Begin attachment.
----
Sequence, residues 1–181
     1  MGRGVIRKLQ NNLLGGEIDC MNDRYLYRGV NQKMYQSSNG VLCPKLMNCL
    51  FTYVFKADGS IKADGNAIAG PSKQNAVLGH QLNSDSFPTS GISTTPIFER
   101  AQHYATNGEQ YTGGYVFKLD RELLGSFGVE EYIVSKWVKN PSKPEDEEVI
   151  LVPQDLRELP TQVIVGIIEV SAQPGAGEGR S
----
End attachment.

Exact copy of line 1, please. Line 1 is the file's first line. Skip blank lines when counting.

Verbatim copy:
Sequence, residues 1–181